For nearly 20 years, Andy Gregor has been a member of the Dwight Fire Department in Dwight, North Dakota.
Earlier this month, Gregor began serving as Dwight’s fire chief. The 38-year-old, who’s been with the department since February 2002, is now supervising a team of nearly 40 volunteers.
“I want to thank each and every member for allowing me the opportunity to be their leader,” Gregor said. “It is a great honor to be the fire chief after all these years of hard work and dedication.”
The Dwight Fire Department is a team, Gregor said. He could not do his job with the rest of the volunteer firefighters and leadership including 1st Assistant Chief Clint Gilbertson, 2nd Assistant Chief Luke Kasowski and Secretary Mike King.
“One of the bigger challenges on the job is keeping up our number of volunteers. North Dakota fire departments, in general, have fought for volunteers. It can get harder and harder to find them,” Gregor said.
Anyone interested in serving as a volunteer firefighter should contact their community fire halls, Gregor said. Anyone wanting to specifically serve Dwight can send an email to email@example.com.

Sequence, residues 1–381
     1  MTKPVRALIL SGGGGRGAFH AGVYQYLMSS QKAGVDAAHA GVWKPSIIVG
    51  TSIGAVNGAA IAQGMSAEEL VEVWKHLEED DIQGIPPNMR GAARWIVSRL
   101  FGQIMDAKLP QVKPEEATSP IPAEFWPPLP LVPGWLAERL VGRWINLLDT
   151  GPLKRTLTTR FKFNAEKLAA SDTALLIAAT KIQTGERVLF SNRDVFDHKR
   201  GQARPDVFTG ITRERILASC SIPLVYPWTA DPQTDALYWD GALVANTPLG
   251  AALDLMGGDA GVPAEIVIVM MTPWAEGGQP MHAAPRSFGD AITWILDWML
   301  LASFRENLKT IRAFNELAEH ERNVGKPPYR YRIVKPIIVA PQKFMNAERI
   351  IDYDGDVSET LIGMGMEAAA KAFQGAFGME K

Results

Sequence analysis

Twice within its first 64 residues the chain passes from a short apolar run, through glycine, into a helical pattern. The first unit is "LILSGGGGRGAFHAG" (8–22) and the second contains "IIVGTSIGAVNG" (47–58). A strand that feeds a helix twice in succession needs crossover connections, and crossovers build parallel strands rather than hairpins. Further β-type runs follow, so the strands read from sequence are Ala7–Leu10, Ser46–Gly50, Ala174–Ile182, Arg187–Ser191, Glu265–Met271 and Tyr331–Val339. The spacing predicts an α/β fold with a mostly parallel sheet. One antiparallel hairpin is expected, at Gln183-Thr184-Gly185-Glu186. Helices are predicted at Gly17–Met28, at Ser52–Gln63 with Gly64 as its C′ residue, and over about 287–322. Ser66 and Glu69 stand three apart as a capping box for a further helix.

“Firefighting runs in my family and I love the overall satisfaction I get from helping others,” Gregor said.
Gregor and his wife, Mallory, have three children, ages 20, 12 and 5. The family includes three dogs. So far, Gregor’s children haven’t shown an interest in becoming firefighters.
“I’m sure my youngest son would when he becomes older,” he said.
Firefighting has been a tradition for Gregor’s family. His father, Rick, served with him on the Dwight Fire Department, as have his sister and two cousins. Uncle Leland Gregor was a firefighter in Wahpeton and Gregor’s great-uncle served in Fargo as well.
“I just get the satisfaction of helping others in need, serving the community and making sure people are safe,” Andy Gregor said.
When not firefighting, Gregor is a chief engineer with ABM Industries. ABM is a global provider of facilities maintenance. Gregor provided tips for summertime fire safety.
“Keep an eye on the fire index,” he said. “Don’t burn when a warning’s in effect. All controlled burns should be called into your local dispatch. And never use gasoline for your fires.”